Colonel Timothy Shaler Williams (August 1, 1862 - June 3, 1930) was an American journalist, and later president of the Brooklyn Rapid Transit Company.
He was born on August 1, 1862, in Ithaca, New York, to Frances Henrietta Grant and Howard Cornelius Williams. He worked as a journalist for a New York City newspaper from 1884 to 1889. He was private secretary to two New York governors, David Bennett Hill and Roswell Pettibone Flower . He married Alice Williams on October 31, 1895. In 1895 he joined the Brooklyn Rapid Transit Company and was president from 1911 until his retirement in 1923. He died on June 3, 1930, in Manhattan, New York City, from heat stroke.
The Brooklyn–Manhattan Transit Corporation (BMT) was an urban transit holding company, based in Brooklyn, New York City, United States, and incorporated in 1923. The system was sold to the city in 1940. Today, together with the IND subway system, it forms the B Division of the modern New York City Subway.
The Brooklyn Rapid Transit Company (BRT) was a public transit holding company formed in 1896 to acquire and consolidate railway lines in Brooklyn and Queens, New York City, United States. It was a prominent corporation and industry leader using the single-letter symbol B on the New York Stock Exchange.
George Bruce Cortelyou was an American cabinet secretary of the early twentieth century. He served in various capacities in the presidential administrations of Grover Cleveland, William McKinley, and Theodore Roosevelt.
The Brooklyn City Railroad (BCRR) was the oldest and one of the largest operators of streetcars in the City of Brooklyn, New York, continuing in that role when Brooklyn became a borough of New York City in 1898.
The B68 is a bus route that constitutes a public transit line operating in Brooklyn, New York City. The B68 is operated by the MTA New York City Transit Authority. Its precursor was a streetcar line that began operation in June 1862, and was known as the Coney Island Avenue Line. The route became a bus line in 1955.
Culver Depot, also called Culver Terminal or Culver Plaza, was a railroad and streetcar terminal in Coney Island, Brooklyn, New York City, United States, located on the northern side of Surf Avenue near West 5th Street. It was just north of the boardwalk, near the former Luna Park amusement complex, and across from the current New York Aquarium. Originally built by the Prospect Park and Coney Island Railroad for the Culver surface line, it later became a major terminal for the Brooklyn Rapid Transit Company (BRT).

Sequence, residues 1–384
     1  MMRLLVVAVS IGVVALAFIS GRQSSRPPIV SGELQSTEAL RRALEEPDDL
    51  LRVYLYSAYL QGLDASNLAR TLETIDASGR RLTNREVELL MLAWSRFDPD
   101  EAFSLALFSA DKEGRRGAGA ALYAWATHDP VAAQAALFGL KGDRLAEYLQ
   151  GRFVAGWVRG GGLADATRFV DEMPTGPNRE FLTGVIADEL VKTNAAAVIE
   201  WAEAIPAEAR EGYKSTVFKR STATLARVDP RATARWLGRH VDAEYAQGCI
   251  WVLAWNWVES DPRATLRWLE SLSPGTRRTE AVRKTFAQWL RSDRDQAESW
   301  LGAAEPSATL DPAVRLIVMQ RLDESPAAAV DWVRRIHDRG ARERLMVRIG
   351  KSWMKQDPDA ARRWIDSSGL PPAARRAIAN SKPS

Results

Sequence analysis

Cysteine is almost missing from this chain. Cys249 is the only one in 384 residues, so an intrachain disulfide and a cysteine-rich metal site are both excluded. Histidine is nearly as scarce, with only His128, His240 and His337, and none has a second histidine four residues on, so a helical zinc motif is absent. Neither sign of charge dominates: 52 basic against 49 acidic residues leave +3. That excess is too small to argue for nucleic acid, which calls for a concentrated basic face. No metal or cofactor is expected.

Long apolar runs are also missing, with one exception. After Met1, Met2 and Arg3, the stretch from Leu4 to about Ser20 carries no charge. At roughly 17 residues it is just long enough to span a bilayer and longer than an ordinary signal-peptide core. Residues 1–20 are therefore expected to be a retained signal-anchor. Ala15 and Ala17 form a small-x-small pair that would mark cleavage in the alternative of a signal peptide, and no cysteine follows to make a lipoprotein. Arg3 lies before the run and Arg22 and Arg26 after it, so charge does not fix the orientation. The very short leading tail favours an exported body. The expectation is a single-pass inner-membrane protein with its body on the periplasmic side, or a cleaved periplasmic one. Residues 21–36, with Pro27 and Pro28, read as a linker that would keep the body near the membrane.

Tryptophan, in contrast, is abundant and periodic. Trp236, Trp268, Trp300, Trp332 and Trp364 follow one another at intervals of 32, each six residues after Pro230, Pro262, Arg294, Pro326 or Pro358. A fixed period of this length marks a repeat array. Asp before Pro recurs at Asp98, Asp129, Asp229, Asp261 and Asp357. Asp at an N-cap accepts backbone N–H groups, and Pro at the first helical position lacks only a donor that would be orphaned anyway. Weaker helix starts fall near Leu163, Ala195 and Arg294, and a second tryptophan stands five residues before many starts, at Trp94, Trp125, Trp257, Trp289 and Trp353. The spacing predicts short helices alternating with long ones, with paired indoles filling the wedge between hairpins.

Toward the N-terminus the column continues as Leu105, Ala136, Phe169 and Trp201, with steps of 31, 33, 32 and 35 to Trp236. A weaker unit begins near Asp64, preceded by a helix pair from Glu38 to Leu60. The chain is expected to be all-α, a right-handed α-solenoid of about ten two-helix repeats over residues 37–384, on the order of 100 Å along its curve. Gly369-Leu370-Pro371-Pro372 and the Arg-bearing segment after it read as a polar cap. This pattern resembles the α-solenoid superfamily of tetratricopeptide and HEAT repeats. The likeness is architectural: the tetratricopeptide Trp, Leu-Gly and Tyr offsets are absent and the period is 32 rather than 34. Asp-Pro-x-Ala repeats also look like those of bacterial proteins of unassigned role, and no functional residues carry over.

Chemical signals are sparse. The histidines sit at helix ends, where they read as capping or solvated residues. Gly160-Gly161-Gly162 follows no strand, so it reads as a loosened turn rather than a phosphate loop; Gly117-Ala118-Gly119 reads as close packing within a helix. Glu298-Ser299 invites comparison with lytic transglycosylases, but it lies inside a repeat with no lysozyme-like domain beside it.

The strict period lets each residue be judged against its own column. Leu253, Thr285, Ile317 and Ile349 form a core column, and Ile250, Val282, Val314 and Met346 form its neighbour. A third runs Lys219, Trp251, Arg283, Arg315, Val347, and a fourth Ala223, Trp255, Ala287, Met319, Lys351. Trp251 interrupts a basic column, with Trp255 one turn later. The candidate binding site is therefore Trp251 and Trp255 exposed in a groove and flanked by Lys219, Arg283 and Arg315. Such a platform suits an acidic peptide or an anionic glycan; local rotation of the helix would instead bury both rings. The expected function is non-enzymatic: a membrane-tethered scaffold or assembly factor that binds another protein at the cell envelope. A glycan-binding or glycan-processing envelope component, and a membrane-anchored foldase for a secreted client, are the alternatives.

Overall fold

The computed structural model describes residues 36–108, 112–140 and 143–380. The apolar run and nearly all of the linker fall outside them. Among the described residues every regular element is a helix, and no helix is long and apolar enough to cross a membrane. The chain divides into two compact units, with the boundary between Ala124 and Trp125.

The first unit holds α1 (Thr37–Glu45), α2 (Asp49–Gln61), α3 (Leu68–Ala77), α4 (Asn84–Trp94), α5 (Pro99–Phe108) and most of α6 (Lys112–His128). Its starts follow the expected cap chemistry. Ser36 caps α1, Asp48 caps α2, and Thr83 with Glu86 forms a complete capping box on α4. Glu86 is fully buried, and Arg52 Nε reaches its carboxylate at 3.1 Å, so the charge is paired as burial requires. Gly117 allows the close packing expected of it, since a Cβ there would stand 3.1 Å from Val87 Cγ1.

Samuel Atkins Eliot was a member of the notable Eliot family of Boston, Massachusetts, who served in political positions at the local, state and national levels.
The United States Assistant Secretary of War was the second–ranking official within the American Department of War from 1861 to 1867, from 1882 to 1883, and from 1890 to 1940. According to the Military Laws of the United States, "The act of August 5, 1882 authorizing the appointment of an Assistant Secretary of War was repealed by the act of July 7, 1884 the power conferred by the act of August 5, 1882 never having been exercised," indicating that the post was not filled between 1882 and 1883.
The Third Avenue Railway System (TARS), founded 1852, was a streetcar system serving the New York City boroughs of Manhattan and the Bronx along with lower Westchester County. For a brief period of time, TARS also operated the Steinway Lines in Long Island City.
Edwin Wheeler Winter was president of Northern Pacific Railway in 1896 then president of Brooklyn Rapid Transit Company, Brooklyn Heights Railroad and allied companies.
Alexander Shaler was a Union Army general in the American Civil War. He received the United States military's highest decoration, the Medal of Honor, for his actions at the Second Battle of Fredericksburg. After the war, he was at various times the head of the New York City Fire Department, president of the National Rifle Association, and Mayor of Ridgefield, New Jersey, from 1899 to 1901.
Timothy Williams may refer to:
Henry Shaler Williams was an American geologist.
George McAneny, was an American newspaperman, municipal reformer and advocate of preservation and city planning from New York City. He served as Manhattan Borough President from 1910 to 1913, President of the New York City Board of Aldermen from 1914 to 1916, and New York City Comptroller in 1933. He also held several other positions throughout his career, serving as an executive officer of the New York City Civil Service Commission in 1902, secretary of the New York Civil Service Reform League (1894-1902), executive manager of The New York Times (1916-1921), and president of the Regional Plan Association (1930-1940).
Frank Gallagher was an American politician from New York.
Gershom Mott Williams was an American bishop. He was the first Episcopalian bishop of Marquette. He was a church journalist, author, and translator. Williams graduated from Cornell University and received his master's degree and Doctor of Divinity degree from Hobart College. Although he passed the bar in 1879, Williams began an extensive career in the Episcopal Church, having positions in Buffalo, Milwaukee, and Detroit before becoming a bishop. He was involved in many church commissions, including the preparation of and attendance at the Lambeth Conference of 1908.
Rufus L. Perry was an American educator, journalist, and Baptist minister from Brooklyn, New York. He was a prominent member of the African Civilization Society and was a co-founder of the Howard Colored Orphan Asylum, which developed from it. He was the editor of numerous newspapers and journals, most notably the National Monitor. He was a prominent Baptist, and in 1886 he founded the Messiah Baptist Church, where he was pastor until his death. He was also a classical scholar.
Martin Louis Willard was an American politician from New York.
Anton Adolph Raven was an Curaçaoan born American business executive.